Bullying and cyberbullying may be reduced if states would decide to make laws against them, a new study suggests.
Researchers from Columbia University discovered that there's a link between the reduction of both traditional and cyber bullying cases and the existence of state laws against them.
For the study, the team worked with data coming from more than 60,000 public and private high school students in around 25 states. The students' data were then compared to at least 16 components of anti-bullying guidelines developed by the Department of Education, as well as the state laws.
Based on the results, overall, bullying and cyber bullying cases dropped by an average of 24% and 20%, respectively. However, the rates can greatly vary among the participating states. For example, South Dakota has the highest reduction at more than 25%, but that's a huge difference from only 14% of Alabama.
Furthermore, the team also discovered that certain anti-bullying components give more potency to the laws. These included a very clear description of what bullying is and the possible penalties that may be applied to such violations. Nevertheless, it takes at least one of these components to give a state's anti-bullying law some clout.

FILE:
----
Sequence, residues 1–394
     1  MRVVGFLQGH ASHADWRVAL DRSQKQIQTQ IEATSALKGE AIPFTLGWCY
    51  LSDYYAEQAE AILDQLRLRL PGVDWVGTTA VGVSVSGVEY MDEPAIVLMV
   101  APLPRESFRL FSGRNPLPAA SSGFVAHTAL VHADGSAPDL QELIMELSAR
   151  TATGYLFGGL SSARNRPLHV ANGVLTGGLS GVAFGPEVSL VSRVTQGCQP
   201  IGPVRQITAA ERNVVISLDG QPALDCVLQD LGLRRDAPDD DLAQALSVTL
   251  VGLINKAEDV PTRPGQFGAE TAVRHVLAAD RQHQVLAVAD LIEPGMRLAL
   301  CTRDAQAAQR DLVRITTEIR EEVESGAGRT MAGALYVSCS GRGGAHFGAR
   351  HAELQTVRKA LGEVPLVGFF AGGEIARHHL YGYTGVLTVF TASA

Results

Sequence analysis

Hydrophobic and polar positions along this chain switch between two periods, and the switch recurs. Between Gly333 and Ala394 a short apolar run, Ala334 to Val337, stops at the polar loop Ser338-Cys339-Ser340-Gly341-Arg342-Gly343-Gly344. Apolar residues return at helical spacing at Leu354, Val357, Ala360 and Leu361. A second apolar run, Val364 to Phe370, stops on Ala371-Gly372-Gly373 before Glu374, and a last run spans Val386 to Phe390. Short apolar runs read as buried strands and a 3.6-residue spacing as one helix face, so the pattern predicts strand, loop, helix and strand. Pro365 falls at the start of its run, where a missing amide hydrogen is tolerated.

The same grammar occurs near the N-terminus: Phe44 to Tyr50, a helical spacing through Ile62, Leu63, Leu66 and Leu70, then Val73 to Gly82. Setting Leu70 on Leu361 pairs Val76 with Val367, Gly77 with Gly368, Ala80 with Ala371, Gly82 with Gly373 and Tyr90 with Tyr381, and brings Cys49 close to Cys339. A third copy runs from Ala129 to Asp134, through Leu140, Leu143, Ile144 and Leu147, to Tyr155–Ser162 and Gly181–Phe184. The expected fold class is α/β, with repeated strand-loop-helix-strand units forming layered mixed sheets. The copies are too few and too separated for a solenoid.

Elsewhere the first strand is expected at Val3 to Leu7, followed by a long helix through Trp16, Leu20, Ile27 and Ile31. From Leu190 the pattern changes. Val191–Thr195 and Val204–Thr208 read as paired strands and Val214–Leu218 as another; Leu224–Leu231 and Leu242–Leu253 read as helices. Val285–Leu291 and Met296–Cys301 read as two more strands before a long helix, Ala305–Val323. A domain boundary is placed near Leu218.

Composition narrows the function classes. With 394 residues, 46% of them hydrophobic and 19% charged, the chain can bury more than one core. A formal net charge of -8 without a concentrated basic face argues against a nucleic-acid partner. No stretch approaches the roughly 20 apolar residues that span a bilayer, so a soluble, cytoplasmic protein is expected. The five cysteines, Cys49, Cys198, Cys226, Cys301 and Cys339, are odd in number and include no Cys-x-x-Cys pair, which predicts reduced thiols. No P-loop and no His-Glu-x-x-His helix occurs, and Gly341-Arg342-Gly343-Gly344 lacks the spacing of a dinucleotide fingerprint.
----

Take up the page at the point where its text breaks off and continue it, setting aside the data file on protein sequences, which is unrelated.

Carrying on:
According to Mark Hatzenbuehler, an associate professor of the university and the co-director of Center for the Study of Social Inequalities and Health, the study doesn't establish the cause and effect and that state laws don't resolve all bullying issues. However, the results imply that they play a huge part in the solution. He further added that their study would be helpful in determining which of the laws are most effective in reducing bullying.
The National Center for Educational Statistics revealed that at least 22% of the students are bullied each school year. The Centers for Disease Control and Prevention (CDC), meanwhile, expressed that bullying could lead to increased risk of poor mental health including depression.